America’s Founding generation continues to fascinate authors and readers alike. That is natural: We live in the world they created for us, under their Constitution and the court precedents they began more than two centuries ago. In modern legal debates, the acts of the Founders, even years after the Constitution was written, take a pivotal role: After all, they wrote the thing; they must know what it means.
For the second generation, things get more difficult. As the men who won our independence and wrote our founding documents retired and died, the task of governing the country came to rest upon younger men’s shoulders. In another time, or another republic, this might have meant the end of the experiment and a descent into chaos. Fortunately for the United States, new leaders pushed to the fore to dominate the nation’s debates and governance. They wrestled with the divisive issues of slavery, westward expansion, and the tariff. In doing so, they were forced to confront the friction at the heart of a republic based on the theory of liberty and inalienable rights.
In his latest work, Heirs of the Founders, historian H. W. Brands focuses on the three men of that second generation who stood out from the crowd: Henry Clay, John Calhoun, and Daniel Webster. As Senators from the West, South, and North, respectively, these three men shaped America’s major debates through keen intelligence and sparkling oratory. Working together at times and against each other at others, their words and deeds shaped the nation’s journey for forty years.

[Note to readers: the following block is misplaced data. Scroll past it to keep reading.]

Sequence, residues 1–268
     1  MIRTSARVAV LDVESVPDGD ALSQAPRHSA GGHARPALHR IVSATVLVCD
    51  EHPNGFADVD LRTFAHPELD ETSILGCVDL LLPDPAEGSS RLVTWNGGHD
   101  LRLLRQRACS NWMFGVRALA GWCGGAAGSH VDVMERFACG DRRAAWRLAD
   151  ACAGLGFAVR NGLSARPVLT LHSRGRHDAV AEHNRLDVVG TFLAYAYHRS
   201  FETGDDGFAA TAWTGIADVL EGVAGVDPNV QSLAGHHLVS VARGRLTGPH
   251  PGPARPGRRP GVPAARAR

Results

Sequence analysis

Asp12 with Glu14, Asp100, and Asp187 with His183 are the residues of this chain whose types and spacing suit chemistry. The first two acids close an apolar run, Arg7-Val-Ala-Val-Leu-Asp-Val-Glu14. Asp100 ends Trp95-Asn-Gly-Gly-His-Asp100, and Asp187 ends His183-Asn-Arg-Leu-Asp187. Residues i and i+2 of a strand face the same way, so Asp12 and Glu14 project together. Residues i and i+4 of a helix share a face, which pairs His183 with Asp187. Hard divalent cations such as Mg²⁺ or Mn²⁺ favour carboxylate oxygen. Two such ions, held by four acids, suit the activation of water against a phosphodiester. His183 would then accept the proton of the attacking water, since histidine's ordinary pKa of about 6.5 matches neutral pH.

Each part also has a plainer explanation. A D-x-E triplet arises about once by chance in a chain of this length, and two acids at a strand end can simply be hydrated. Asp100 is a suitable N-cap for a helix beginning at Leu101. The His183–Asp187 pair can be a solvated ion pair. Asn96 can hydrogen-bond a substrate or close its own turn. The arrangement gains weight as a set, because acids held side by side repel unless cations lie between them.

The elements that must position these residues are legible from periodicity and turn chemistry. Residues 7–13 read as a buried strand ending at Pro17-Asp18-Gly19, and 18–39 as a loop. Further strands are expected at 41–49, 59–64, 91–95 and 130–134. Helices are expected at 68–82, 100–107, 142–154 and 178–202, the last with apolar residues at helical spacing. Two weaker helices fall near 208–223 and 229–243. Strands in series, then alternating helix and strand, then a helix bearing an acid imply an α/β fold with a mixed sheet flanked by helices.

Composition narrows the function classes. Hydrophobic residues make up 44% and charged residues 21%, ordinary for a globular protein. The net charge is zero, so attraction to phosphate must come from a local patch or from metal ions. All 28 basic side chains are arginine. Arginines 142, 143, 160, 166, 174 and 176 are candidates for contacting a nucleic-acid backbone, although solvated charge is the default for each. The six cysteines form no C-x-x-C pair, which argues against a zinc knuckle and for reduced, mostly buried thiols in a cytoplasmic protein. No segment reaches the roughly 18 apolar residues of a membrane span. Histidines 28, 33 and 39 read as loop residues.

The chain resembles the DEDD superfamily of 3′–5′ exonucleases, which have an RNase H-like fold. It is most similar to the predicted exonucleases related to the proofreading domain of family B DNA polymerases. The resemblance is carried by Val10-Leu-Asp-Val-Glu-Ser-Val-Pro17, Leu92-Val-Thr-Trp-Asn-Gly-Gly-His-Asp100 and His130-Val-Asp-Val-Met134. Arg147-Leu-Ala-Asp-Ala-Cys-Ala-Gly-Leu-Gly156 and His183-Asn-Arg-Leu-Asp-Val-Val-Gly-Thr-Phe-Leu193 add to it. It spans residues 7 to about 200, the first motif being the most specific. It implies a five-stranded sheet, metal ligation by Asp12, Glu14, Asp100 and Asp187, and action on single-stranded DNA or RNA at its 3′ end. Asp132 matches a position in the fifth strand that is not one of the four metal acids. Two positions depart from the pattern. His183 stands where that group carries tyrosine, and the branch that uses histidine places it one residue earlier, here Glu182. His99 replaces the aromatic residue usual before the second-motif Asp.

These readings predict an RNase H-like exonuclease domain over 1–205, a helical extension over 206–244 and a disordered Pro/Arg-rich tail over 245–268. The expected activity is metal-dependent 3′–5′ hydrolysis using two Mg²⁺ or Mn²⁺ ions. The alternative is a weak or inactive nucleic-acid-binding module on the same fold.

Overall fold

The second generation rose to prominence in what is sometimes called America’s second war of independence: the War of 1812. Clay’s start in politics was based on his ideas, but Calhoun and Webster were drawn into the scene as much by their skills in speechmaking as anything else. It was an age where rhetoric mattered, and where debates in Congress were not speeches to near-empty rooms and C-SPAN cameras but real events with leading figures on either side of an issue verbally sparring in an attempt to persuade their fellow legislators — and the folks at home.
Clay and Calhoun found themselves on the same side early in their careers in support of the war with Britain. As part of a group of young legislators that became known as the “war hawks,” they demanded that the young nation show its resolve and growing might by challenging Britain’s abuse of American sailors and flagrant disregard for the treaty terms they had agreed to at the end of the Revolution. Webster, representing a region that prospered through trade with Britain, opposed the war.
Congress sided with Clay and Calhoun, but the war was not the success they hoped it would be. Battles were largely inconclusive. The failed invasion of Canada and the burning of our capital humiliated the cocky war hawks, and the nation was fortunate that the British agreed to a peace treaty that reestablished the status quo ante bellum.